What do people really want from brands online?

The sometimes skewed approach that many brands have when they carry out activity in social media, is to think about what particular product or content they want to push onto consumers. It’s very tempting to become obsessed with how your brand appears that you try and push the boundaries of social media to the limit, until you end up with the most complicated campaign that uses all the latest technology. The only problem is that you’ve become so obsessed with how to portray your brand as a leader in social technologies that you’ve forgotten to ask what it is your customers actually want from you.

The first thing to remember is that people don’t actually want to be your friend. They’re not following you on Twitter or Facebook because they want to have a one on one conversation about the weather or your thoughts on who should have won X Factor. What people actually want from brands is a mixture of news, promotions and just generally to get a query sorted as quickly as possible. Indeed, a recent survey by emarketer found that while 25% of people wanted to follow a brand for promotions, just 4% wanted to feel part of that brand’s community. So as much as you can focus on building the coolest community around your brand with impressive apps and social tools, it’s the relatively unsexy things such as discounts and offers that customers actually want.


The sometimes skewed approach that many brands have when they carry out activity in social media, is to think about what particular product or content they want to push onto consumers. It’s very tempting to become obsessed with how your brand appears that you try and push the boundaries of social media to the limit, until you end up with the most complicated campaign that uses all the latest technology. The only problem is that you’ve become so obsessed with how to portray your brand as a leader in social technologies that you’ve forgotten to ask what it is your customers actually want from you.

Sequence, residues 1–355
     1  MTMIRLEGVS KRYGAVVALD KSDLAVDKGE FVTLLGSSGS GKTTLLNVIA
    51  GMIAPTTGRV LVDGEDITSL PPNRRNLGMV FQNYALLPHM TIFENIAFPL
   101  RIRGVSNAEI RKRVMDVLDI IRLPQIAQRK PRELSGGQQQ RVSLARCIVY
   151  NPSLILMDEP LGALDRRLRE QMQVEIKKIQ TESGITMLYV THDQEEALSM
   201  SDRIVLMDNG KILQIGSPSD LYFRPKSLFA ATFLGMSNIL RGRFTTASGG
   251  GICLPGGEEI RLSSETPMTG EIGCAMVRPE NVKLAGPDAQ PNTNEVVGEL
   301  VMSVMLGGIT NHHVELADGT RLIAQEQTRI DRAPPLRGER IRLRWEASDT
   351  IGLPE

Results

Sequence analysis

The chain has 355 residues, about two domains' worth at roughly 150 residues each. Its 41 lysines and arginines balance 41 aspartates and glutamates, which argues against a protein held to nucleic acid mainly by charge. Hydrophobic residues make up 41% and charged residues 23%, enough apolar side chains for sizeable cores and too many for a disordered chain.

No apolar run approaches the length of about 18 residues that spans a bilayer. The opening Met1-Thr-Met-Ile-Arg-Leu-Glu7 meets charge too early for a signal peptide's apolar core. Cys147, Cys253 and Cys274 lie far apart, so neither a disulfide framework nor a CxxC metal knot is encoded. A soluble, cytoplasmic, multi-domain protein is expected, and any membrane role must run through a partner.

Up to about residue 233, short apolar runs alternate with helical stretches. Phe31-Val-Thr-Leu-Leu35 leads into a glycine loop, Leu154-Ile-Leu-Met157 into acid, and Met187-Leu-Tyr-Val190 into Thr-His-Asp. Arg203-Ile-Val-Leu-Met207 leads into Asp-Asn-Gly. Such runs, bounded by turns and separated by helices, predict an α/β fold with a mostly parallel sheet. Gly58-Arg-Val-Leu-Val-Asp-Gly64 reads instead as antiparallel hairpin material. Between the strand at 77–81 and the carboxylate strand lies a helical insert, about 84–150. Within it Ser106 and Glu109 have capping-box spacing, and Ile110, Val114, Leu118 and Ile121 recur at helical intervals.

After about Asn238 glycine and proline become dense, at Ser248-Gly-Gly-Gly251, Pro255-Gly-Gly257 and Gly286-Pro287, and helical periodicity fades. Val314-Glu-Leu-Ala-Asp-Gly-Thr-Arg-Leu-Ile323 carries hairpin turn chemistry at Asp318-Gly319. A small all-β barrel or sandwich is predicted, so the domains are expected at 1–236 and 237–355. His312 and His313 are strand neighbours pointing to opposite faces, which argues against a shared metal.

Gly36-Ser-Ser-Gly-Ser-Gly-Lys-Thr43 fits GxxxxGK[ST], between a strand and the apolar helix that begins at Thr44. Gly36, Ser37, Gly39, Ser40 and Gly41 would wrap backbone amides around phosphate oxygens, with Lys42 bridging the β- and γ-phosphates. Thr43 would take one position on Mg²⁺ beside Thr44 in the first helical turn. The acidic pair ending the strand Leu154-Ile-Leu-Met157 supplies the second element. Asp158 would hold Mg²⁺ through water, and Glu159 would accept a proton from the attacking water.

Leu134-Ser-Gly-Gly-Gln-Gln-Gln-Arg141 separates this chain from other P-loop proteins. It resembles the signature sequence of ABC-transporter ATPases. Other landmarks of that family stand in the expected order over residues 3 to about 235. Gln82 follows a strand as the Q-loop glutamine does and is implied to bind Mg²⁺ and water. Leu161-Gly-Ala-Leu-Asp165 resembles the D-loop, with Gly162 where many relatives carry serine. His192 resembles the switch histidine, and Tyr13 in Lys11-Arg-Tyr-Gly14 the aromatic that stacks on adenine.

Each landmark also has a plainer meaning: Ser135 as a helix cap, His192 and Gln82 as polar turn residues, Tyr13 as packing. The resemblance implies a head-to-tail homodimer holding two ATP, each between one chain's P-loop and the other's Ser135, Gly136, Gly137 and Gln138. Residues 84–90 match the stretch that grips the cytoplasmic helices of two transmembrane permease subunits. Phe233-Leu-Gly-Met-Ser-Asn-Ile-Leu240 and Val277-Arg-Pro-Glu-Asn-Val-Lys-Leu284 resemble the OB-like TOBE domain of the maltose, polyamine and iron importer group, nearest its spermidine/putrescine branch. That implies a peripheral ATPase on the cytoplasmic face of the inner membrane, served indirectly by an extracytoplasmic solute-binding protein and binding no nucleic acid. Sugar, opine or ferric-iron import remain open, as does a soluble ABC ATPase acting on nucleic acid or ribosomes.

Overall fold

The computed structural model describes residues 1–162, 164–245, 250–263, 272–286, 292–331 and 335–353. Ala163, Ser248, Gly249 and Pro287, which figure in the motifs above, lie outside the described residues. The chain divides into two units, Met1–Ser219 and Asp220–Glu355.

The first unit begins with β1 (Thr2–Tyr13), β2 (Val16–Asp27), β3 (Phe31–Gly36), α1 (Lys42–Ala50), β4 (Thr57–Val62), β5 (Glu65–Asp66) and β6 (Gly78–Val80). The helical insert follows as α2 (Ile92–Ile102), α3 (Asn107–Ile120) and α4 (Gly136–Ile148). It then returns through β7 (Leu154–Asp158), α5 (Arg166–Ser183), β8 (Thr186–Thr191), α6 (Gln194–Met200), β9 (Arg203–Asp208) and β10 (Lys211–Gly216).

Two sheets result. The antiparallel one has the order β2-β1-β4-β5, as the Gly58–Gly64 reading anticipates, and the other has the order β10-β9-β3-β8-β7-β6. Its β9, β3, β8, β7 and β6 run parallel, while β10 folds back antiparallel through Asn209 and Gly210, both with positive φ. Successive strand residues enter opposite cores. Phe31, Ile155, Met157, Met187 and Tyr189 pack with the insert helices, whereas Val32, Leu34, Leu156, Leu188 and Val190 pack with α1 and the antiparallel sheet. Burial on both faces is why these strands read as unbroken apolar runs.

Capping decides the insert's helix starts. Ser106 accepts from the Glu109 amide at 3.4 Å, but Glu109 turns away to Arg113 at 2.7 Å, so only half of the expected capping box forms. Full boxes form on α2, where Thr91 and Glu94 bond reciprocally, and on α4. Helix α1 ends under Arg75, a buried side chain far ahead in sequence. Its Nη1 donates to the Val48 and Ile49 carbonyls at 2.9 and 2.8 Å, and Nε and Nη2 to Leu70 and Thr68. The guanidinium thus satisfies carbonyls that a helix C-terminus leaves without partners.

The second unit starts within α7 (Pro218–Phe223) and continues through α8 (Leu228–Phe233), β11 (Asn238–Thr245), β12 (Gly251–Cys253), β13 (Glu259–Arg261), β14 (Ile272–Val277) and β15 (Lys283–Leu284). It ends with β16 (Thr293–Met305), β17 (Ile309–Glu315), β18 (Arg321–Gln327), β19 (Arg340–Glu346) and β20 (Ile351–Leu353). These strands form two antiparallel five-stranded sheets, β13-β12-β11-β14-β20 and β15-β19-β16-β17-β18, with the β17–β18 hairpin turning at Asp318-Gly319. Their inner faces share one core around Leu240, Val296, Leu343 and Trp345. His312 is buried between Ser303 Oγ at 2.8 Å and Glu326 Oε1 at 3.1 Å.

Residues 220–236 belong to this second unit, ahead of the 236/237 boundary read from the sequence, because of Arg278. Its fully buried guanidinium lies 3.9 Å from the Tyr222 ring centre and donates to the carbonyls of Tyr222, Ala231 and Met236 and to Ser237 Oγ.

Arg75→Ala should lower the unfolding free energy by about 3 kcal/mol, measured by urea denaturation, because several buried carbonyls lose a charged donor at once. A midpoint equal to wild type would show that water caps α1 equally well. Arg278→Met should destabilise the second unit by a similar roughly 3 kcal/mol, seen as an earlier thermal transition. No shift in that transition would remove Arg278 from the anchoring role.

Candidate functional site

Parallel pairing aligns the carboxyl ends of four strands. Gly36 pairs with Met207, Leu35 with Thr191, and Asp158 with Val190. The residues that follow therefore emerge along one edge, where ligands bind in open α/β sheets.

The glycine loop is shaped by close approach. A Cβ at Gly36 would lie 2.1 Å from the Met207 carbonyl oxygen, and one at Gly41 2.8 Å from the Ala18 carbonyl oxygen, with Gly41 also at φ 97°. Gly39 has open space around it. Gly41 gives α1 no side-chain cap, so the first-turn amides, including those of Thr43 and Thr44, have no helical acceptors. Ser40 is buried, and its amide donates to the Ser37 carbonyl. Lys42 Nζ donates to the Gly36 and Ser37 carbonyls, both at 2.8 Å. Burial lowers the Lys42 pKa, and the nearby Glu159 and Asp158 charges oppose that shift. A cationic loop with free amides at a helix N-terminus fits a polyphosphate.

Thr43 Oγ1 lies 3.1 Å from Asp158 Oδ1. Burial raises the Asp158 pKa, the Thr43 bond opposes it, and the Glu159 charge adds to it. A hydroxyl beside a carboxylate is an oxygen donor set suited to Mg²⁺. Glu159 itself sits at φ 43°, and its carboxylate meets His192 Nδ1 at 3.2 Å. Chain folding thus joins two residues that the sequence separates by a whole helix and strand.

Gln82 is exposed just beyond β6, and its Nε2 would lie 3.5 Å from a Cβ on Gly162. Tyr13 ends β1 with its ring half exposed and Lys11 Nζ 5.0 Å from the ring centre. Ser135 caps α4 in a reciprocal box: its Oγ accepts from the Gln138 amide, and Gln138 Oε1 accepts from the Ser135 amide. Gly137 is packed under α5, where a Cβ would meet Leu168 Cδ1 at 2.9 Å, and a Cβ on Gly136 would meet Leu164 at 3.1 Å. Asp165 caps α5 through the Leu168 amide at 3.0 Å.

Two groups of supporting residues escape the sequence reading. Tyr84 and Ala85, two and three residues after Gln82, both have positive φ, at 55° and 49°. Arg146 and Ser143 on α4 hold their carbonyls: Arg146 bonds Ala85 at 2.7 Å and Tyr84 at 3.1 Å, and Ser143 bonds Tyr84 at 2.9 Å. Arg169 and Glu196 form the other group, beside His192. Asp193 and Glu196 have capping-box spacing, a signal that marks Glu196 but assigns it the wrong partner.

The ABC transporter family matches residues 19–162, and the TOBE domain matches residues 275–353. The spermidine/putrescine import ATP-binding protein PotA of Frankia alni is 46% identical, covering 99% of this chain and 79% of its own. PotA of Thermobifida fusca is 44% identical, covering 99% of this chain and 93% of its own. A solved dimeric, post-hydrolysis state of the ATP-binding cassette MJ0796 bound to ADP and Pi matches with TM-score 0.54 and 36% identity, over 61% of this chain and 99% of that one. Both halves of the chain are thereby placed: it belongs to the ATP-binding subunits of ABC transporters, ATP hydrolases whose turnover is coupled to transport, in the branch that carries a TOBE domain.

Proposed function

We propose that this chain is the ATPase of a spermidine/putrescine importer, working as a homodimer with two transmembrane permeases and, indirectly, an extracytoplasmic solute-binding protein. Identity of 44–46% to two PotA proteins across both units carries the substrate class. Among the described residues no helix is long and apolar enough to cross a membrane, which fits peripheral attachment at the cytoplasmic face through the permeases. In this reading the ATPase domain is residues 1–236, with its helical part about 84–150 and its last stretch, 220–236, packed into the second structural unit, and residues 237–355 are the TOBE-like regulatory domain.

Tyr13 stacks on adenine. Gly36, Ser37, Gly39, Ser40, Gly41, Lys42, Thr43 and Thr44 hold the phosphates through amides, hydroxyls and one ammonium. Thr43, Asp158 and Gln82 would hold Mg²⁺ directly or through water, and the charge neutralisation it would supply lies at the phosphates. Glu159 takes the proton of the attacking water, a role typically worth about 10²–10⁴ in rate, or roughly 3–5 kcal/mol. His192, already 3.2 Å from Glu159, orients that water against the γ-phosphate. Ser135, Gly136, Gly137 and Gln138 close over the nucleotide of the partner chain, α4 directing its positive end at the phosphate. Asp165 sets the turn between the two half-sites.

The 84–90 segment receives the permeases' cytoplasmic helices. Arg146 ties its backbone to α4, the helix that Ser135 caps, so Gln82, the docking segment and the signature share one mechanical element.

The first thing to remember is that people don’t actually want to be your friend. They’re not following you on Twitter or Facebook because they want to have a one on one conversation about the weather or your thoughts on who should have won X Factor. What people actually want from brands is a mixture of news, promotions and just generally to get a query sorted as quickly as possible. Indeed, a recent survey by emarketer found that while 25% of people wanted to follow a brand for promotions, just 4% wanted to feel part of that brand’s community. So as much as you can focus on building the coolest community around your brand with impressive apps and social tools, it’s the relatively unsexy things such as discounts and offers that customers actually want. Leer más “What do people really want from brands online?”

Why Can’t Big Companies Solve Big Problems?

In fact, it’s that very question: “What is the question?” that seems to be the nub of the problem these days. In an increasingly turbulent and interconnected world, the ambiguity that surrounds us is rising to unprecedented levels. And that’s a serious problem that our current systems can’t handle. Fighting terrorism, fixing healthcare and restarting the economy aren’t just complex problems — they’re highly ambiguous ones.

It turns out that while large companies and organizations are phenomenally good at managing complexity, they’re actually quite bad at tackling ambiguity. A complicated problem is like playing a game of chess, an ambiguous problem is like having your in-laws over to dinner for the first time. In the latter situation, it’s not the number of variables that kills you. It’s what you don’t know that you don’t know.


By Edward Liu
http://www.fastcodesign.com/1662575/what-cant-big-companies-solve-big-problems